The mega-merger between Canadian mining leviathan Potash and Israel Chemicals Ltd. will sit on the shelf until after the general elections
Deputy Attorney General Avi Licht said in a letter of opinion to the ministries involved in the deal.
It should be mentioned that the letter does not explicitly ban the deal; however, proceedings between Licht and the ministries makes it absolutely clear that the deal will not be signed ahead of the elections.
Licht was requested by the Prime Minister's Office, Ministry of Finance and Ministry of Industry, Trade and Labor to examine whether the deal could be completed in light of the government's golden share in ICL.
In the letter of opinion, Lich said that at the moment there are no grounds for an urgent completion of the deal and it should be shelved until the establishment of a new government.
Lich added that such a merger was a complex matter that entailed approvals and procedures both in Israel and abroad, and that so far preliminary talks were held between the parties which have not officially applied for approval to date.
A meeting between government representatives and Potash is expected in early December.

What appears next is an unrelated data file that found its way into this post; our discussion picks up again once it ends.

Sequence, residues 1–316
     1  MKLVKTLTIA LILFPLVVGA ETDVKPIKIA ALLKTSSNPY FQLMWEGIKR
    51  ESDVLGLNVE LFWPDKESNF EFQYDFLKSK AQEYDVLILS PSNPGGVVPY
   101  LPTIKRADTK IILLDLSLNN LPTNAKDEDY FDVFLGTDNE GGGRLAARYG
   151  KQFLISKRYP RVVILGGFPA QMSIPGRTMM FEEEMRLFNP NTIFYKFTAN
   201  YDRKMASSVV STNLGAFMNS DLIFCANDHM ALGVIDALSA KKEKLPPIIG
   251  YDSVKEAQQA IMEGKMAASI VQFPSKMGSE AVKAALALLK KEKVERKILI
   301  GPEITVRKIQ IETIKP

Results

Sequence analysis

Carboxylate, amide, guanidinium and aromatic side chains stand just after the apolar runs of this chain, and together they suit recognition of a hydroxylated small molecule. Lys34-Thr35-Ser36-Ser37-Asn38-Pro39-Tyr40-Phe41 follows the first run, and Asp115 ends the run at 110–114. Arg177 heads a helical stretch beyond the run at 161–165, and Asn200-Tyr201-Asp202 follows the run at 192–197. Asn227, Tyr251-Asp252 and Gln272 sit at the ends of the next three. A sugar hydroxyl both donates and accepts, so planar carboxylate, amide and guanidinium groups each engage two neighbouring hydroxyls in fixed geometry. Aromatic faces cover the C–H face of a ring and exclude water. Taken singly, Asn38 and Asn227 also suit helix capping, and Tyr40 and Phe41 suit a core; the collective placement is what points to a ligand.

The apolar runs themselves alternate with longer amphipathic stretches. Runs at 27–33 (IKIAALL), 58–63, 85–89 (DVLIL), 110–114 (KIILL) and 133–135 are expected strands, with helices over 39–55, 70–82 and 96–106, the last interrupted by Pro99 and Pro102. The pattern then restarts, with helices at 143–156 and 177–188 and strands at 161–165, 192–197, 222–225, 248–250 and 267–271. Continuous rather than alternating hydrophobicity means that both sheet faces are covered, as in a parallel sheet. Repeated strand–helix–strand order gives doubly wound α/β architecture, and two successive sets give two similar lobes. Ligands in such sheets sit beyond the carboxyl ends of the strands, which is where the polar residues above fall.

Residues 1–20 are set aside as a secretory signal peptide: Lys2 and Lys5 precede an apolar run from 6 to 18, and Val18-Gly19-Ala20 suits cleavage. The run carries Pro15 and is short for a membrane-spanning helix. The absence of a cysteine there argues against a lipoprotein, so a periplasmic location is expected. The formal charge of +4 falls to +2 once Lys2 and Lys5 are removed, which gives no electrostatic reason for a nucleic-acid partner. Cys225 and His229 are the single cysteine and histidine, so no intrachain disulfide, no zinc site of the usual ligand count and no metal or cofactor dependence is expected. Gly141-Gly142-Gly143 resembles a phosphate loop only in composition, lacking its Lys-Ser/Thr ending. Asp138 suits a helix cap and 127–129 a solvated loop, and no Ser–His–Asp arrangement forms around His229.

Licht evaluated the deal's current situation and was under the impression that the parties involved did not expect to conclude administrative procedures before the elections.
"If, unexpectedly, talks do come to fruition, then due to the complexity of the matter and its sensitivity, as well as the fact that at this point no grounds for the deal's urgency have been presented, the deal shall not be concluded until a new government is formed and it that government shall not be restricted.
"This is in keeping with the principles of restraint set in the attorney general's directives and the ruling of the Supreme Court," Licht clarified.
He noted, however, that in the event that the proceedings were completed prior to the elections and other parties advocated the completion of the deal during the election period, then in keeping with the attorney general's directives and the Supreme Court's ruling, the parties may resubmit a detailed request.
This report was originally published in Hebrew